Sahelian farmers are among the world’s poorest. In Niger, for example, smallholders produced an average of only 318 kg of cereals per hectare (ha) from a mean farm size of 2.17 ha. Much of this low productivity is explained by poor soils, small farm sizes, loss of traditional soil restoration systems, and erratic rainfall. This article presents the positive side, researchers, practitioners and farmers have made progress in developing approaches to restoring soils, reducing vulnerability to climate shocks and building a foundation for greater productivity.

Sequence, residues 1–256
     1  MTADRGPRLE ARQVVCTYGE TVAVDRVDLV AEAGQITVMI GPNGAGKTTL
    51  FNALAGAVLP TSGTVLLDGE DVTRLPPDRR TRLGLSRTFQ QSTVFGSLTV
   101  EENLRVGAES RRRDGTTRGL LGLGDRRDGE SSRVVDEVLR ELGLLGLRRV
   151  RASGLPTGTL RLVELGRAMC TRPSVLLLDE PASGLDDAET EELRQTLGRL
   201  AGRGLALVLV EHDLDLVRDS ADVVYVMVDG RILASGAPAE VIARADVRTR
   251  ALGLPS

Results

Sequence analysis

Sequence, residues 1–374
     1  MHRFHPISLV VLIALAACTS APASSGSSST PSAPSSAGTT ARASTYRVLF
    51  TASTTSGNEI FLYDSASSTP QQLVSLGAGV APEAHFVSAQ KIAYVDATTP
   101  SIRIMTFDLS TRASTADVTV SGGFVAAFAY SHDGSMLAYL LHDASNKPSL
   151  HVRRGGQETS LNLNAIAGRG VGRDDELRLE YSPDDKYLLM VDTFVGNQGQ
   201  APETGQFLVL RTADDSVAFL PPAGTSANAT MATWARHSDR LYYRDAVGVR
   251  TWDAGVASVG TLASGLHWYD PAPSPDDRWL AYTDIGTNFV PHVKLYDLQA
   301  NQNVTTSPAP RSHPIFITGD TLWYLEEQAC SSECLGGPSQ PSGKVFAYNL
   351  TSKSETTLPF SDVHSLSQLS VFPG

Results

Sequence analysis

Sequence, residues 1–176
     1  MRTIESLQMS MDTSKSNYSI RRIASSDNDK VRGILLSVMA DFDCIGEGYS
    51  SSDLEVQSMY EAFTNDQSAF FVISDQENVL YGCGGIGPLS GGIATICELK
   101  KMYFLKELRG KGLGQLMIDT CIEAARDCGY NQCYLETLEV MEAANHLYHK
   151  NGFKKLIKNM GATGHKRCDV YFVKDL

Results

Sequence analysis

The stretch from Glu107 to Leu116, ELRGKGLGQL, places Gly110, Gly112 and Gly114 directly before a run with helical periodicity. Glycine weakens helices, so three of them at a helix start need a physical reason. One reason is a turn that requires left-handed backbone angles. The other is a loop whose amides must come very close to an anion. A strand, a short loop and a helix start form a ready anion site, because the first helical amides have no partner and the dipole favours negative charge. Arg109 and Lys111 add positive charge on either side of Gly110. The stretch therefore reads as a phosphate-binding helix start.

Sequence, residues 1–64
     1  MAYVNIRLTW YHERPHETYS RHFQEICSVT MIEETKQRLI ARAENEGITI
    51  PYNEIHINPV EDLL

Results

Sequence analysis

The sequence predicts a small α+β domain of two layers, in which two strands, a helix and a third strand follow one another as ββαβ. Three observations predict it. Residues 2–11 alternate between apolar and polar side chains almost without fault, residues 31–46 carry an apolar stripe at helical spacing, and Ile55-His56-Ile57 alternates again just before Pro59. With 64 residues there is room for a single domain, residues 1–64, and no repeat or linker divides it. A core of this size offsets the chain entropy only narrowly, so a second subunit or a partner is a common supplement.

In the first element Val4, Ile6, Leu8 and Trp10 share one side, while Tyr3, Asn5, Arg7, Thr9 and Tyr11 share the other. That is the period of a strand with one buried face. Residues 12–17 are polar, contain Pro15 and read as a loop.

This article was submitted for inclusion in the forthcoming edition of ETFRN News 60 - Restoring African drylands, due for release in December 2020, containing 25 articles plus interviews and boxes describing farmer-led, NGO, private sector, government and international initiatives. These highlight the roles of varied policies and stakeholder interests, and identify opportunities to encourage smallholder and community participation in scaling out successes and meeting national, regional and global commitments.